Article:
Maggie Hansen, Director of Sonny and Tina Small Center for Collaborative Design

Thank you all for being here today. I’m so glad to celebrate with so many friends, allies, and collaborators – locally and nationally. And I am grateful to the Small family for their generosity. Over the past eleven years, the Smalls have seen the Tulane City Center grow into what we are today, and we thank them for their advice, dedication and support along the way, and now, into a long future. 

Since its beginning, Tulane City Center has used a nimble approach to addressing complex problems with good design. We bring together the expertise of Tulane School of Architecture faculty, student, our staff, a wide range of experts, and the knowledge and expertise of engaged community members and in collaboration these teams advance community-driven ideas. Our work has been as small as a simple neighborhood map that encourages people to explore the local flavors of Bayou Road, and as large as a neighborhood planning process, often evolving over many years, with layers of complexity.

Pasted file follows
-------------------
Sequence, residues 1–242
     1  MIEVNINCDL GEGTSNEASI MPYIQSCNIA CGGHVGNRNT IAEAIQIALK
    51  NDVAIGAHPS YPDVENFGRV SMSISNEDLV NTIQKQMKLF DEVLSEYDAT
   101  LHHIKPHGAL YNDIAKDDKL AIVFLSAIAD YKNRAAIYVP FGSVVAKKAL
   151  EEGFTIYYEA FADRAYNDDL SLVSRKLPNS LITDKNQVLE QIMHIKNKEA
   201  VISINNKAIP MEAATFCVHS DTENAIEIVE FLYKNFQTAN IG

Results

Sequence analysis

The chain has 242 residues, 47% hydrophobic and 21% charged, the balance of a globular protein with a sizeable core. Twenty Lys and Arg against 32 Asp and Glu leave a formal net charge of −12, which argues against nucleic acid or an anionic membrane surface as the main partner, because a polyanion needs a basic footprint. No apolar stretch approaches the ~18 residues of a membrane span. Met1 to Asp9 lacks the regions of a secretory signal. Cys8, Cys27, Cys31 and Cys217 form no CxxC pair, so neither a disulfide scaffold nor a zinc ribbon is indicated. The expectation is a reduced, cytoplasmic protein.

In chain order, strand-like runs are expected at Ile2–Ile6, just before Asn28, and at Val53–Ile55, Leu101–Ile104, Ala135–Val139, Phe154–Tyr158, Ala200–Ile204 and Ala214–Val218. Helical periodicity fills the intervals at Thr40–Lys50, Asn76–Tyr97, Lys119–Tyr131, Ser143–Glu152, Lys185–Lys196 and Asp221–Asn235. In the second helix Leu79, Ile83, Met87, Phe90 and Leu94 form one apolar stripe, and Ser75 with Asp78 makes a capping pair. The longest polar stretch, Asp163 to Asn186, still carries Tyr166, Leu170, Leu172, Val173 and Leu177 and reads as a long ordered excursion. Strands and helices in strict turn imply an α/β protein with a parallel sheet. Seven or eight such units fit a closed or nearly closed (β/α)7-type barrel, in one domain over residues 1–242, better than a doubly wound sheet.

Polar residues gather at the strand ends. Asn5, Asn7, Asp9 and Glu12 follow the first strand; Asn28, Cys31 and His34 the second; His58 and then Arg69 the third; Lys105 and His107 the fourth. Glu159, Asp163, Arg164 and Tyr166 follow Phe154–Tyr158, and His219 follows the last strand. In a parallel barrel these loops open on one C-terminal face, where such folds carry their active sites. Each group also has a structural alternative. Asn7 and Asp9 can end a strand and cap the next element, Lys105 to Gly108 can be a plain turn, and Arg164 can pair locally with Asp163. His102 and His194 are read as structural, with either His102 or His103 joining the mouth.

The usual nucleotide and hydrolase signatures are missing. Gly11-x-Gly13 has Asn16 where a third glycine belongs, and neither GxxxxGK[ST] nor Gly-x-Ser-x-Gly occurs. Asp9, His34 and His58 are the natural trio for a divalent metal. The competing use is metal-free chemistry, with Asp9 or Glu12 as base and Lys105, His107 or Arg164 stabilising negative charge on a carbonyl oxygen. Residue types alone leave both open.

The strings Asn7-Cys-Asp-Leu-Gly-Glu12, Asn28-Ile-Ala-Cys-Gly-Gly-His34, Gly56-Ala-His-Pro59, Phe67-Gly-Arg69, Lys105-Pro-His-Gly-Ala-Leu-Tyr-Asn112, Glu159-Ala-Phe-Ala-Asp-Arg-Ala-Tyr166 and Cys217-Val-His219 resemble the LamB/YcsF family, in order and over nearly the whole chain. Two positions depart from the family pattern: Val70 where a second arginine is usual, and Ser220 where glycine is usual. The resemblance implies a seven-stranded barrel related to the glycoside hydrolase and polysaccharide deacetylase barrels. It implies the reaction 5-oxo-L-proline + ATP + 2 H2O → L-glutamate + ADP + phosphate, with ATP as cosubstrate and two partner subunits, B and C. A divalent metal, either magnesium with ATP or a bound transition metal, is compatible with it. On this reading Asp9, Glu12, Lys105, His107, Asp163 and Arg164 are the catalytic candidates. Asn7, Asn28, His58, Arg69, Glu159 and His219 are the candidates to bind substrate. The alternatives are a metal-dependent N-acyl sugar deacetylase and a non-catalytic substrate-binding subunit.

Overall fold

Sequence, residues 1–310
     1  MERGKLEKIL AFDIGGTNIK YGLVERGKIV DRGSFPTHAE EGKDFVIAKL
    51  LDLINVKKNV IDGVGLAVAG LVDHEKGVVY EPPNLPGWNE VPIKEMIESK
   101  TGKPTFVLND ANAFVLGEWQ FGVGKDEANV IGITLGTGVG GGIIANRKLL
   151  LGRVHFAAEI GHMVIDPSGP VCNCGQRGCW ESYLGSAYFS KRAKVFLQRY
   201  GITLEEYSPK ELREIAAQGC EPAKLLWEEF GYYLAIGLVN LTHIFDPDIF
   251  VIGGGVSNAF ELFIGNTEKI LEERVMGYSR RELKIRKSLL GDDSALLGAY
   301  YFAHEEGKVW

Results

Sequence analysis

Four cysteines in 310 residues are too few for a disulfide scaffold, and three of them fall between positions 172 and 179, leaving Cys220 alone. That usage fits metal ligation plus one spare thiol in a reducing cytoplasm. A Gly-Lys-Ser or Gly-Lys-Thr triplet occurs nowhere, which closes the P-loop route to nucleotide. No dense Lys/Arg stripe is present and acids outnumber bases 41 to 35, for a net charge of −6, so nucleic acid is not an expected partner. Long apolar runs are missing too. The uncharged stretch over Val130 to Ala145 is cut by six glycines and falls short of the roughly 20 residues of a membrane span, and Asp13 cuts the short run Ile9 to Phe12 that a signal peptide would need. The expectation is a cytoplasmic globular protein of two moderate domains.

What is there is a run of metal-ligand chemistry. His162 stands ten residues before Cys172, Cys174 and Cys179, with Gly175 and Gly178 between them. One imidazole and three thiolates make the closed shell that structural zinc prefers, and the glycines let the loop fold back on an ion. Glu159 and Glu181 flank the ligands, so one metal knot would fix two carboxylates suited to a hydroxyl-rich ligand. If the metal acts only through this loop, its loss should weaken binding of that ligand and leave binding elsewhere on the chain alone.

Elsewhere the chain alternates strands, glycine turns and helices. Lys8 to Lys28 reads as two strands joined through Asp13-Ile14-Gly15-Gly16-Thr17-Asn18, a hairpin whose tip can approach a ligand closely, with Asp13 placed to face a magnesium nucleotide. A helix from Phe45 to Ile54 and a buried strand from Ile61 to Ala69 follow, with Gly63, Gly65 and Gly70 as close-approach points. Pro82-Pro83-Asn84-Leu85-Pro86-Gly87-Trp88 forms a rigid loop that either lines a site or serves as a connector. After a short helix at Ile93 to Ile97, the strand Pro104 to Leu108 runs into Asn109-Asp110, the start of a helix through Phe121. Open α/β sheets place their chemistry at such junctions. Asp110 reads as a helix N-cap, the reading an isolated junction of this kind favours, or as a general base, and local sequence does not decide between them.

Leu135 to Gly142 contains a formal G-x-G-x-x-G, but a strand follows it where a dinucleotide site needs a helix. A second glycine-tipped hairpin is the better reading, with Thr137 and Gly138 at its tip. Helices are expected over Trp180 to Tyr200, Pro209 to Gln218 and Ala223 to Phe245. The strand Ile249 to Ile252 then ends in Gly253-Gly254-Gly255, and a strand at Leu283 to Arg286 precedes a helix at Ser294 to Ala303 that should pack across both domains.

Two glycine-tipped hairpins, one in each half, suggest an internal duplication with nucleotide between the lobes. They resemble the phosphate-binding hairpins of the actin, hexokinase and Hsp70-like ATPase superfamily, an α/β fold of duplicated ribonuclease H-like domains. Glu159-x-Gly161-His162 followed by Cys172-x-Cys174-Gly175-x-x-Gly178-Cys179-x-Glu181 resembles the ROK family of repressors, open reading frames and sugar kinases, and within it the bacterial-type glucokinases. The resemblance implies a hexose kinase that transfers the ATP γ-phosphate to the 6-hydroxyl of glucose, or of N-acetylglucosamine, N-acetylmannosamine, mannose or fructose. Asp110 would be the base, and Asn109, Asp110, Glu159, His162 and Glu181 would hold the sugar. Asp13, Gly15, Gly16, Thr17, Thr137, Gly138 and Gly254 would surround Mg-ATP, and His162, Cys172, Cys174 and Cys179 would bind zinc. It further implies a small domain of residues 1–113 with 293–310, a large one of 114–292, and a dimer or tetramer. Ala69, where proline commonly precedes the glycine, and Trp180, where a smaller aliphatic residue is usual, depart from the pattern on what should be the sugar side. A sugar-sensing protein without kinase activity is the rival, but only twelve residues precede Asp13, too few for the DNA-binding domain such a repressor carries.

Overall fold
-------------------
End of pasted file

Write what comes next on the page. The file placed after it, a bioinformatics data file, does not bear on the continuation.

Our work is developed from strong partnerships with organizations that are deeply rooted in their community. When we are at our best, these true partnerships result in designs that celebrate the specific local context and the exceptional people who live and work here.  True collaboration takes time to develop trust, to push past niceties – we bring our role as designer but also our role as friend and neighbor. These are lasting relationships, and we recognize that continued partnership is critical to chipping away at the larger systemic issues that we are all grappling with. Our partnership continues after construction concludes; we are here to take the calls when there is a problem with the building, or a client wants us in city hall to help plead a case, or there is a wedding, a birth, or a crawfish boil. 

Our students experience how one small change in the city’s fabric can catalyze change of larger systems, and they see that good designers are also good citizens. And we are excited that students like Chesley represent the next generation of design leaders, who step up to the challenge of working with humility and openness to new models of practice.

We are excited to build on the rich history of collaborative work and to push ourselves further. In the years ahead, we will continue to engage local youth programs, build the field of public interest design and encourage a more diverse pipeline of young designers to enter the field and improve our world. The Small Center for Collaborative Design has the capacity to not only change New Orleans, but to contribute to long-term positive change by bringing together design and civic engagement.